Napoli, Italy (Naples)

June 9, 2010

We took a taxi…our driver, chatted in Italian the whole way, intermittently pausing to allow shana to pipe up in Spanish. I threw in random words here and there and a lot of laughter, giddy at the prospect of good food.

The driver pointed at himself and said Guiseppo and then pointed at me, then shana, repeating our names as we said them. Lizzie was in the back seat, still exhausted after her flight in (and 5 hour nap) and ravenous. It was 9pm, just getting dark, and we were finally venturing into the city. She mumbled her name, swallowing the “e” in Elizabeth so that Guiseppo heard lesbeta.

“lesbeta?” he repeated. “lesbeta? Dame e dame?”

What he was asking slowly dawned on us… “no, Elisabetha” shana chimed in with Italian pronounciation.

“ohhhh!” he exclaimed while we all laughed, unsure why he thought she would introduce herself as “lesbian” even if she was a lesbian.

No matter, we arrived and shana handed over €10 (we’re running through euro like water here) and prepared to exit. Guiseppo pointed to the money and said, “two more.” To this, lizzie began digging in her pocket while shana motioned for her to put it away.

“so you’ll come back in two hours?” she asked with a 200watt smile. He answered with what we inferred to be that he would be off work then but reminded us that we must call him tomorrow to take us to the restaurant he suggested. We nodded enthusiastically and exited the car – €2 still in lizzie’s pocket.

Shana has a gift.

Of course the two euro reprieve does very little to remove the sting from our train ride down. We bought our tickets to naples from a machine in the station (complete with me assuming the machine had eaten my card only to discover – at the police officers’ we stopped insistence- it was in my wallet) for €31 for the three of us. Downright giddy. We headed to the train a few minutes before departure only to discover it packed to the gills…we searched frantically for any seats (holding little hope for three together) and finally found a cluster of three in one of the last cars.

We hunkered down and chatted together, catching up on the last few months and giving each other a hard time. A few stops in the ticket agent emerged. We gleefully handed him our ticket and he looked dour. He rapid fired Italian at us and gestured to our ticket. We kept pointing at the number three on there…making sure he saw that despite there being only one ticket it had three people on it. He snatched the ticket and walked away. When he returned he wrote down €50 and pointed at us.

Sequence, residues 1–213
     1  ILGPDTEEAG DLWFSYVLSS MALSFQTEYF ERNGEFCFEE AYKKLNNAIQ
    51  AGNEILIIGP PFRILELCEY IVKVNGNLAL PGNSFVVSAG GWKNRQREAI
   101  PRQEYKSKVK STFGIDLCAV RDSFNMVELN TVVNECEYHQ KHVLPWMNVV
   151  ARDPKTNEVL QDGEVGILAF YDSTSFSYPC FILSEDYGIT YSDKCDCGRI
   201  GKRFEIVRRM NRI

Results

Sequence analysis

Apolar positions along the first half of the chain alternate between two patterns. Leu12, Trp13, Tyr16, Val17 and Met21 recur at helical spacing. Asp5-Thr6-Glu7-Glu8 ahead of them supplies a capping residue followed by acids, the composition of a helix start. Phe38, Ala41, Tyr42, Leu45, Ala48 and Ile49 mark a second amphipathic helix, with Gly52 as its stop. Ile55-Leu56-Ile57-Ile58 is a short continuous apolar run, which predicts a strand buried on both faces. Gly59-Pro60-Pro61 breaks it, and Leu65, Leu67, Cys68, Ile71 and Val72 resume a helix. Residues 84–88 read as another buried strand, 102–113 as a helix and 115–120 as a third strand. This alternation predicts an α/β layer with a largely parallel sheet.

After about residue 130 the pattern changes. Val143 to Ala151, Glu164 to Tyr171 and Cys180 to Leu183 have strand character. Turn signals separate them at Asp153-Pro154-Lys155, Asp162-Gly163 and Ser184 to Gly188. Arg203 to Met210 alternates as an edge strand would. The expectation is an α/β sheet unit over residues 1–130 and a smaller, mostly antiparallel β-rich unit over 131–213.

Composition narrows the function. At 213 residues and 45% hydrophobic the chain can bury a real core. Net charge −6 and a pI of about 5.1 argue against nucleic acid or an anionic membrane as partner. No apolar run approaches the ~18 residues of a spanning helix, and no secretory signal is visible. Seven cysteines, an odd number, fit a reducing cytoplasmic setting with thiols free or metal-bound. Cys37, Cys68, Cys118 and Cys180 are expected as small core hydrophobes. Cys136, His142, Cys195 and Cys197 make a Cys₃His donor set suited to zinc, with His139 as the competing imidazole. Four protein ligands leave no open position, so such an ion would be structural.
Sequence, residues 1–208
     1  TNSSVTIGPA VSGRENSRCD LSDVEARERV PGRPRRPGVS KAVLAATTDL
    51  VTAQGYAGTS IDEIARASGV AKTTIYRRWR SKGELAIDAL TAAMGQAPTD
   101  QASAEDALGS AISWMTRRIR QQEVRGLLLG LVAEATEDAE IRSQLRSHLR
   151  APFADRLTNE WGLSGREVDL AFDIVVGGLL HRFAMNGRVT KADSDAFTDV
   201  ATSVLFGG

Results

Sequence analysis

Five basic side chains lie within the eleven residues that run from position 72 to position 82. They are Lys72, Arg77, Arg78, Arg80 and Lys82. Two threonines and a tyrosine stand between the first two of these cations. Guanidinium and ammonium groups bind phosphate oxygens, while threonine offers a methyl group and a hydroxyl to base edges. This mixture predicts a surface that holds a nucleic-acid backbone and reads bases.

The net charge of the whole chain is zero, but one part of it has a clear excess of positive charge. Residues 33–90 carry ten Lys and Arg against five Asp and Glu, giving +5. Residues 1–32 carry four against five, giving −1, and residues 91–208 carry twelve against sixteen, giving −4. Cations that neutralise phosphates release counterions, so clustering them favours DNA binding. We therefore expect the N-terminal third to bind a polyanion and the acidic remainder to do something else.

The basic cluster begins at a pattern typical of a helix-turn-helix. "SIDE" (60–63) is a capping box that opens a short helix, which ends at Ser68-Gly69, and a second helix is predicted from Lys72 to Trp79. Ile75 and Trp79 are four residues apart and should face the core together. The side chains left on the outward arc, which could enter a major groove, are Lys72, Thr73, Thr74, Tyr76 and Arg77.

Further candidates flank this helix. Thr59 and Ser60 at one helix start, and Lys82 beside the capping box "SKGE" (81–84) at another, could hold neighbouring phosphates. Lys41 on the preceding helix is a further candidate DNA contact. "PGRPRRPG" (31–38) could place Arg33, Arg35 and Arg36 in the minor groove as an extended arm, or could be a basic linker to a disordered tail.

We owed money. As best as we can figure, the extra money was a fine for not having validated our ticket before we boarded. There are little yellow machines at each station and you stick your ticket in before you ride because the tickets themselves are good for a period of time. That was one hell of a lesson to learn…from rough $12 to about $35 tickets…just like that. It was a bitter pill to swallow.

Still…finally seated at an Italian restaurant, Italians (not tourists) all around us, we scanned the menu and prepared to order. Water, a glass of wine for lizzie, antipasto (some kind of cold stuffed eggplant, and assorted peppers and tomatoes with basil and oil), and of course bread (which was not bad like everyone warned me it would be).

We were off to a roaring good start, everyone trying all the dishes and smiling with gastronomic delight. Then we ordered our next course…gnocchi with mozzarella for lizzie and myself and spaghetti with tomatoes for shana. Hers – light and the taste of summer, ours – dense and superbly textured with a mild tomato sauce accented by a generous helping of parmesan cheese.

But we weren’t finished. Fruit had been wafting by our table and so we ordered fruit. Huge chilled wedges of sweet watermelon emerged, followed shortly after by some kind of homemade donuts dusted heavily with sugar.

I was beyond full. Happily patting my bloated belly and basking in the foreignness of the feeling of – not just fullness – but satisfaction. We are early in our trip…still figuring out how it will unfold, what we will do and where we will eat…I am cautiously optimistic that my food fantasies might actually come to fruition.

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